Grow Loyalty With Millennials
There’s a lot of talk about customer loyalty today. But employee loyalty, which you don’t hear as much about, is equally vital to any organization. Without it, companies struggle in countless ways and are generally unstable, unproductive and incapable of gaining or sustaining any competitive edge. Yet research shows that millennials, which represent the largest segment of the workforce in the United States, aren’t very loyal to their current employers.
According to the executive summary of the Deloitte Touche Tohmatsu Limited’s Fifth Annual Millennial Survey, “Millennials, in general, express little loyalty to their current employers, and many are planning near-term exits.” What’s more, 44% say that if given the choice, they would leave their current organization within the next two years. Depending on the size of your business, and whether you hire a limited number of millennials or a lot of them, turnaround could be quite costly if you take that statistic to heart. The good news, however, is that “most young professionals choose organizations that share their personal values,” the summary states. This means it’s not too late for employers to get creative about how to overcome this “loyalty challenge.”
Suspect you’ve got some millennials who already have one foot out the door? Here are three ways to cultivate greater loyalty and keep them working longer for you:
1. Invest in their professional development.
When people feel empowered and valued for both who they are and their potential to become even better, they’re less likely to go somewhere else to seek out this kind of support. As we discuss in MAP’s recent book, “The Disciplined Leader,” start by making sure you’re aligning your workers strengths to their responsibilities and never overlook this strategy when it comes to your millennials. Next, note any gaps and opportunities for development and improvement, then provide appropriate training, education and mentorship that will address any shortcomings. Also, don’t just view these employees as they are today but for what many of them will become tomorrow: future leaders. Always use this lens to choose the right support and resources for these hires.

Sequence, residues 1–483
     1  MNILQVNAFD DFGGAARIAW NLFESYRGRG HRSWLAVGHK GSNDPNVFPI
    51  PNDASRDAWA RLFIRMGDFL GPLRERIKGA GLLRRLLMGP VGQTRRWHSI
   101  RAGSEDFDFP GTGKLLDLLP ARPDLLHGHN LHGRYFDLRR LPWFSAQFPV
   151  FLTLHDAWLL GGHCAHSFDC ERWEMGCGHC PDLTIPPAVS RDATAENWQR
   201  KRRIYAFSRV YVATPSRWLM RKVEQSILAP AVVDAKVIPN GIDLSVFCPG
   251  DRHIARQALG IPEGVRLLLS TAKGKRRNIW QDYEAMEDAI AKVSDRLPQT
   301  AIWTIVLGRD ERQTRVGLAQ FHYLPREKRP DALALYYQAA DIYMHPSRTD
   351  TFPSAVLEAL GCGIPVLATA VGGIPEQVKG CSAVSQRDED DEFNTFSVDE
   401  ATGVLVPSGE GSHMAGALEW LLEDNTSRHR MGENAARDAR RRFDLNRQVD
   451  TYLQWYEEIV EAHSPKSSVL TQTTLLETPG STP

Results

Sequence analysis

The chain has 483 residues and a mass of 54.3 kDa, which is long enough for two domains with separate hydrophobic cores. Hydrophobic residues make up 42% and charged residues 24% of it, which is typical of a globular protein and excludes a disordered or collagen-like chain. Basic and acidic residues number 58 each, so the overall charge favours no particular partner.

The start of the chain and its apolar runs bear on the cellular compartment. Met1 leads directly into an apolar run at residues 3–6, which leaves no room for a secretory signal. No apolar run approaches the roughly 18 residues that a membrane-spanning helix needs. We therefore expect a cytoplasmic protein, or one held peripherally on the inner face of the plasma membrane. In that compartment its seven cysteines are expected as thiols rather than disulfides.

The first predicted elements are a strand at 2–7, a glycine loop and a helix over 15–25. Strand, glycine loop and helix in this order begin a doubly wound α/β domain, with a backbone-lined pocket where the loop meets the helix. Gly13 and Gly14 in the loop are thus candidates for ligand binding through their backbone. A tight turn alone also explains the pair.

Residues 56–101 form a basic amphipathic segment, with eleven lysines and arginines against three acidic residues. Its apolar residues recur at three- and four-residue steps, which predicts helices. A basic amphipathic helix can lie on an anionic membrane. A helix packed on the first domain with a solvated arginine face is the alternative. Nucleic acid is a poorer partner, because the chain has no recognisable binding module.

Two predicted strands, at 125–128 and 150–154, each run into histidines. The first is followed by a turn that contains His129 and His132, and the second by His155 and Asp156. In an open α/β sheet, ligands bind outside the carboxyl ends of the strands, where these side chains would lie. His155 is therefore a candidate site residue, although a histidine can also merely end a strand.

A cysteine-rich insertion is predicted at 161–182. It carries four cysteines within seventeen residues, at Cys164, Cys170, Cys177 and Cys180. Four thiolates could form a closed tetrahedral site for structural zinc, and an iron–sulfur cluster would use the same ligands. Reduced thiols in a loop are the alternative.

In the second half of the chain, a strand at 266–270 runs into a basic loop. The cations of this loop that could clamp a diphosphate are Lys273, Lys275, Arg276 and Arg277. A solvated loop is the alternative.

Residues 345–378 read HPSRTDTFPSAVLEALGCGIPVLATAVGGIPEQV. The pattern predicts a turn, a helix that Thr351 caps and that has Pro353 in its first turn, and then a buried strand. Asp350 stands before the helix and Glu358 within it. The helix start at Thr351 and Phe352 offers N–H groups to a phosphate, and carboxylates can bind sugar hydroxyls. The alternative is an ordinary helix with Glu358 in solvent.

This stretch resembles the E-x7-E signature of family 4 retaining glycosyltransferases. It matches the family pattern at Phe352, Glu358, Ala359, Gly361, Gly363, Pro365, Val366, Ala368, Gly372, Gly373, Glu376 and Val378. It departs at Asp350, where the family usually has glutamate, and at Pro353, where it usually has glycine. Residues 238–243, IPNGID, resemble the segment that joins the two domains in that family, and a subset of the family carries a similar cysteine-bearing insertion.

2. Understand their values.
In general, millennials want to feel their jobs and lives have a sense of meaning beyond sheer profitability. “Corporate values that are shared with and believed by Millennials also promote loyalty—particularly when employers demonstrate a strong sense of company purpose beyond financial success,” the study states. Also, “millennials intending to stay with their organizations for at least five years are far more likely than others to report a positive culture and focus on the needs of the individual.” No doubt, as a leader, you’ve got to make sure you’re sustaining a healthy bottom line for your organization. Yet performance, morale and productivity of your millennials will naturally become stronger if you’re also demonstrating a commitment to what they value (beyond money).
3. Support their sense of control.
It’s a crazy world, filled with countless uncertainties—and millennials get this. What’s more, their fears around this fact drive their desire to gain and sustain control of their worlds. Employees will feel more in control if they can trust their environment, those who are in it, and the strategies used to sustain it. Among a number of tactics for building trust: Be transparent and honest with your people, leading by example. Use accountability to measure performance and growth in a systematic, equitable manner. And honor your commitments, taking appropriate action or corrective action when necessary and following through with your promises. These and many other methods for building trust will nurture cultures in which people will feel safe and empowered, which will accelerate their feelings of being and staying in control of their lives.
What else can you do to build a culture of trust?